Living on the West Coast hasn’t worn away Tena Clark’s Southern-tinged accent. Nor has it softened her disposition, which is energetic and projects a “let’s get right to work” attitude.
That attitude and creative energy are reflected in the songwriter and producer’s résumé. The list of musicians who have been produced by Clark or have performed her songs includes Aretha Franklin, Chaka Khan, Natalie Cole, Patti LaBelle, Jennifer Holliday, Gladys Knight, CeCe Winans, Dionne Warwick, Patti Austin and Stephanie Mills, among many others.
She’s considered a pioneer in music marketing, and is well-known in the consumer products and retail industries as the founder of DMI Music & Media Solutions. While some brands and retailers rely on cookie-cutter playlists for in-store and event music, Clark leverages decades of experience to affect consumer behavior using music. In fact, Clark says, “music should be at the center of a company’s marketing efforts.”
Her experience showcases a discography that includes feature films and TV, as well as writing McDonald’s “Have You Had Your Break Today” jingle, composing and producing “Heavenly” for Victoria’s Secret and even programming the music for President Obama’s Air Force One.
When Clark founded DMI in 1997, listeners heard new music and discovered new artists mostly from radio. So her objective was to “deliver music in unexpected places where consumers hadn’t heard it before, which falls into the category of connecting them with more new music that they actually want to hear.”
“In the early days, I developed a saying, which still holds true for us today: ‘There is no greater way to create loyalty than through emotion. And there is no greater way to create emotion than through music,’” Clark explained.
With the in-store experience, she describes music as “an integral part to overall brand strategy.”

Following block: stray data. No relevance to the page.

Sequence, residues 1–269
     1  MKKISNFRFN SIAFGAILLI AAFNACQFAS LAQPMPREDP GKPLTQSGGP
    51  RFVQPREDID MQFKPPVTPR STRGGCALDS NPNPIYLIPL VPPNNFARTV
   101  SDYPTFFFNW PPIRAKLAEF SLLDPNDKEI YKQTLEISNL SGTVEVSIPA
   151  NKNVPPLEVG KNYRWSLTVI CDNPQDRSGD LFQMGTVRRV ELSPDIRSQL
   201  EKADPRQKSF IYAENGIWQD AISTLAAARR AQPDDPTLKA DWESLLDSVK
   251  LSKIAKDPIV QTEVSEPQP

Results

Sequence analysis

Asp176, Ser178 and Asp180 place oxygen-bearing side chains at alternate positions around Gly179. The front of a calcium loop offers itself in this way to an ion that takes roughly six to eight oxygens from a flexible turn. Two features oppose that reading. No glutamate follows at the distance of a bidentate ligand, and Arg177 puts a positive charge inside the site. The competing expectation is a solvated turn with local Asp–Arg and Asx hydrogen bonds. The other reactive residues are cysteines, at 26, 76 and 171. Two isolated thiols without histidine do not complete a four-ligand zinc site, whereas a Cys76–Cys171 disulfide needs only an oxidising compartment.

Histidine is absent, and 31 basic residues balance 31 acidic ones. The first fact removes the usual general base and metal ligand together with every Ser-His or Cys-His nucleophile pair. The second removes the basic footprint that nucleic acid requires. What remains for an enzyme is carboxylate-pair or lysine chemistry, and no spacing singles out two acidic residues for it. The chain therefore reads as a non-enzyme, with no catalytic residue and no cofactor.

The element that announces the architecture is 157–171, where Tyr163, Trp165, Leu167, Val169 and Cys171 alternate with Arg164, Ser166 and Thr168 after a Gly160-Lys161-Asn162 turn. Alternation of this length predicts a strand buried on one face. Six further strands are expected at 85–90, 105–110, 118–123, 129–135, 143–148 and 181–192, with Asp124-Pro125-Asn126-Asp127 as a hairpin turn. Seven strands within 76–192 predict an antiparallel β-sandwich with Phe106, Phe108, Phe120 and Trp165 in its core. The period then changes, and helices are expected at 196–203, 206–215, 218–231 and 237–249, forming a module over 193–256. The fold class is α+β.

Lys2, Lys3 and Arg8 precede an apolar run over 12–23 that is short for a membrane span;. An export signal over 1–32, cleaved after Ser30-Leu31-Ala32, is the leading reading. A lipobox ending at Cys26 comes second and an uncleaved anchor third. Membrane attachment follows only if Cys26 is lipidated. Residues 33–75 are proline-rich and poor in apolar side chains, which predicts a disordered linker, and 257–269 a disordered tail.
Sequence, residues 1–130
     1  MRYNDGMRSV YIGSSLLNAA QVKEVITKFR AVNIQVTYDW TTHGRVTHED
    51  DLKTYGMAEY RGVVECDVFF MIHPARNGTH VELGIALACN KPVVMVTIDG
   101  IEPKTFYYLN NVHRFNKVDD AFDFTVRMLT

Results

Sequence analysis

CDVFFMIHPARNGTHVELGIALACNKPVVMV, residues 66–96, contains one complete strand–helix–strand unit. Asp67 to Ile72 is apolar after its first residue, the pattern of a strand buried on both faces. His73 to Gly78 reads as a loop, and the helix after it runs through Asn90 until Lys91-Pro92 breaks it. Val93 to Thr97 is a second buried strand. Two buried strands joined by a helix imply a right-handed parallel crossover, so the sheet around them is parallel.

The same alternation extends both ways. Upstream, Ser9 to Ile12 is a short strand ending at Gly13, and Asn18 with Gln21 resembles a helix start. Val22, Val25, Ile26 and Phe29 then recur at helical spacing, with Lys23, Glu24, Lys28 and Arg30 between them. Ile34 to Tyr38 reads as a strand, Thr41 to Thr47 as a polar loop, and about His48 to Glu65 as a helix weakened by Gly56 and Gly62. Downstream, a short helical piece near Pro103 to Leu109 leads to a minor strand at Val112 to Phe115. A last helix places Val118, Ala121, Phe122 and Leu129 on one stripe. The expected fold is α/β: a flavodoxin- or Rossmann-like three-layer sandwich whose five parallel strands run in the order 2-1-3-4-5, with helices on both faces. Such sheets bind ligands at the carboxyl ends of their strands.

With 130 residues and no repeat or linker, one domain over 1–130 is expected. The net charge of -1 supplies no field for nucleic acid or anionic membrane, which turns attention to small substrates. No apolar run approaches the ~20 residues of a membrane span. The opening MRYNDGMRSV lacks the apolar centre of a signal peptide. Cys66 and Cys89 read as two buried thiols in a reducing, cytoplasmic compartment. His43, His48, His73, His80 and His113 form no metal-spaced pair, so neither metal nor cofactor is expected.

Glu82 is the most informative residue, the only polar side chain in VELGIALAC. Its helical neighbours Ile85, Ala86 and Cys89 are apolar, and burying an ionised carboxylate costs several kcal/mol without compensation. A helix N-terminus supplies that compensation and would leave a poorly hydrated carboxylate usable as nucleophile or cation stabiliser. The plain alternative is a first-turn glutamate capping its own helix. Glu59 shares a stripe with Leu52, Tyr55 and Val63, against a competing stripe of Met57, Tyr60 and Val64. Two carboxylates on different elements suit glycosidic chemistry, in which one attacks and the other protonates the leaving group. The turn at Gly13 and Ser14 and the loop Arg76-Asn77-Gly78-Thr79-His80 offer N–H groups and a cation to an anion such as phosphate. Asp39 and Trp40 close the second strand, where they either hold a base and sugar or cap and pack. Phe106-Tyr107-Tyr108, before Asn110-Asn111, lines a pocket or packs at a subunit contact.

“There are so many opportunities for retail brands to have an audio footprint, and it’s important that it is a cohesive and connected experience that builds loyalty,” Clark said. “For bricks-and-mortar retail locations, music doesn’t need to take over the space; rather, it should enhance the consumer experience. Another one of our favorite sayings is, ‘No random acts of music.’ Music should resonate with your target audience no matter where they are visiting your brand, be it online, in store or at an event.”
Specifically, the process includes assessing a retail brand to reveal its “sound DNA.” The process is complicated, and requires some soul-searching on the part of the retailer. “When DMI develops a music strategy for clients, we ensure that all sound, like any other brand asset, creates cohesion not confusion,” Clark said. “We create the music strategy that delivers the brand’s sound DNA. We do a three-tier quality check that includes identifying and providing a collective guideline that helps to unify the brand’s delivery of sound across all touch points. This strategy provides the brand with a comprehensive plan for employing music as a brand-marketing platform and a blueprint for making decisive music choices. We are marketers, as well as brand, music and technology experts.”
Clark said the process involves doing an “in-depth brand analysis” while also conducting interviews. The goal is to gain deeper insights into the brand, Clark said, adding that the work includes an analysis of the target audience of the brand as well as regional preferences. For example, shoppers in the Midwest would have different music preferences than consumers in the South, which would result in different music even at the same retailer.
“Identifying and creating a music strategy makes the brand more cohesive,” Clark said. “It’s about having the same personality across channels and delivering a consistent experience across all touch points with your target demographic. Particularly for the in-store experience, it’s about building trust and loyalty through a new channel.”